For the next three weekends, Kenai Performers is putting menopause center stage, and making it funny.
Written by New Zealand playwright Devon Williamson, “Menopause Made Me Do It” follows a group of women reuniting for the first time in 10 years as they grapple with the realities of aging.
“If you have gone through menopause, if you are going through menopause, if you will go through menopause or you have lived with someone who’s gone through menopause, you need to come see this play,” said Donna Shirnberg, who is producing the play and also appears as Kay in the show.
The small production features a cast of six actors, who play characters each facing unique challenges.
Terri Zopf-Schoessler, who said she has been working with the performers for more than 20 years, is playing Pamela.
Pamela is “a woman of many lists who is trying very hard to learn to slow down and enjoy life,” Zopf-Schoessler said.
She said it was easy to relate to the character because she also likes lists. “I like crossing things off.”
Lacey Jane Brewster is the Reverend Sandy, whom she described as both the respectable voice of reason and someone with some secrets, some pain, and some demons in her closet.
“She also loves her friends,” Brewster said. Sandy is “who you turn to when you know things need to get sorted out.”
Brewster said the role of Sandy appealed to her because “we as a society hold certain groups of people in high esteem. We forget that these people are human at heart.”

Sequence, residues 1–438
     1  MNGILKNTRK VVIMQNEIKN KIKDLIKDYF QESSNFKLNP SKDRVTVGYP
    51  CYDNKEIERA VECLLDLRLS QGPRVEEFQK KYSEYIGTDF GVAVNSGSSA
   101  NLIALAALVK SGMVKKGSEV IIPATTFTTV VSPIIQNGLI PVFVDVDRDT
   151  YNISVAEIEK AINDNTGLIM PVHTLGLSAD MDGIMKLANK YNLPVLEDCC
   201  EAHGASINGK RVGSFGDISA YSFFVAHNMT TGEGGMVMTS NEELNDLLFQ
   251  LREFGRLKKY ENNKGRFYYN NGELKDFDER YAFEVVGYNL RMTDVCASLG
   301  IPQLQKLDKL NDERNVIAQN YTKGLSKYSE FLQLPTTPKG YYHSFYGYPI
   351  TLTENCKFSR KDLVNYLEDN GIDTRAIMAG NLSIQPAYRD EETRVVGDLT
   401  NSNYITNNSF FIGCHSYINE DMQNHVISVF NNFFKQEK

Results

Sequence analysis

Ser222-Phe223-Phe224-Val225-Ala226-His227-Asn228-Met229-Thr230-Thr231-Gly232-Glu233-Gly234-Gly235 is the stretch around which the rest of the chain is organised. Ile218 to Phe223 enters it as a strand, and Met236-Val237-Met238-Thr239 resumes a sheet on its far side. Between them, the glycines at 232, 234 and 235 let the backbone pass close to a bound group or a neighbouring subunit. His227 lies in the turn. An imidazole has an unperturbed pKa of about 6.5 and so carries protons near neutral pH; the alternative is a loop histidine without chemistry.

Sandy allows for an exploration of that dynamic, Brewster said. Great at her career, a strong voice among the group, but with something under the surface.
Nikki Stein plays Dianne, who she said is “a lady who’s a little bit crazy.”
“She is a mother of eight boys,” Stein said. “That does something to you.”
Stein said Dianne is “turning into the skid of getting older.” She uses a walker, grows out her gray hair and wears incontinence pads. “She’s very much like ‘OK, this is happening, I’m just going with it. And I think she plays it up a little.”
The role of Dianne was a great opportunity to play with comedic timing, Stein said.
“It has a lot of great comedy written into it,” she said. “I’ve noticed with a lot of her lines that if you say it a certain way, it can be pretty funny.”
Tracie Sanborn is Rachel, a travel writer.
“Intelligent and fun, she’s a little sassy,” Sanborn said. “But also sensible, she’s a good friend. She’s overcome some things in life.”
Sanborn said she agreed to be a part of the production even before knowing her role.
“I was just asked to participate, and I love this group of women,” she said. “I’ve been in a lot of plays with them in the past, and I know they’re wonderful actresses; it was a guaranteed good time.”
Bill Taylor is Sean, the only man in the show.
Sean has a lot of history with the ladies, Taylor said. In high school one of the women became pregnant with his child, and in another Williamson play, set 10 years before “Menopause Made Me Do It,” he was kidnapped by them as revenge.
Ten years later, Sean has fallen in love with one of the ladies, and lures them all together to make a play for her heart.